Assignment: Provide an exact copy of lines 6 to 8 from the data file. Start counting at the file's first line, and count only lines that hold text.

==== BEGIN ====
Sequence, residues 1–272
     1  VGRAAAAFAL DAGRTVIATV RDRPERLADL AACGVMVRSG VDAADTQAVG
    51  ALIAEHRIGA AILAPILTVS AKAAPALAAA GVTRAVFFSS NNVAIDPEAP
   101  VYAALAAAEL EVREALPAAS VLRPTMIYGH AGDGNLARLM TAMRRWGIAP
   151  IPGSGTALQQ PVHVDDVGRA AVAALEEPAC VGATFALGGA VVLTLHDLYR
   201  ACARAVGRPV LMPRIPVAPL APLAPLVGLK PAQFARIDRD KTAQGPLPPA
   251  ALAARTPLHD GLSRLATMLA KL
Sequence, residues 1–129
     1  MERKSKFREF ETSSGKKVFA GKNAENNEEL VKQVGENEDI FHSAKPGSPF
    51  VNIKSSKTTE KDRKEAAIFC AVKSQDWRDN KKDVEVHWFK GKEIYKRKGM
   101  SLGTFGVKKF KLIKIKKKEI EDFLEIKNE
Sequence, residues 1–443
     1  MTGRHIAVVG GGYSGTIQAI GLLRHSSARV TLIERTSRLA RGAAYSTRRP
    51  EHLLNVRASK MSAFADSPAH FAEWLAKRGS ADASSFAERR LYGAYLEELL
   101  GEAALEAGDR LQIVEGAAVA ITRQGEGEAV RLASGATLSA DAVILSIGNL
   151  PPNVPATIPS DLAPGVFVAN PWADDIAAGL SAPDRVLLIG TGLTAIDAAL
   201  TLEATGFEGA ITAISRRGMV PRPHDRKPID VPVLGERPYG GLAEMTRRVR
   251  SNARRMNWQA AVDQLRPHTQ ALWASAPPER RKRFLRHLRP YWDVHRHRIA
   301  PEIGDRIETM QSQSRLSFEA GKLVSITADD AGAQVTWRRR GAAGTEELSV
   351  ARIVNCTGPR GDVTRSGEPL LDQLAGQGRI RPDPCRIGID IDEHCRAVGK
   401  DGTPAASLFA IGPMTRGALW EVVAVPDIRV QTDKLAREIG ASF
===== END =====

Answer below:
   201  ACARAVGRPV LMPRIPVAPL APLAPLVGLK PAQFARIDRD KTAQGPLPPA
   251  ALAARTPLHD GLSRLATMLA KL
Sequence, residues 1–129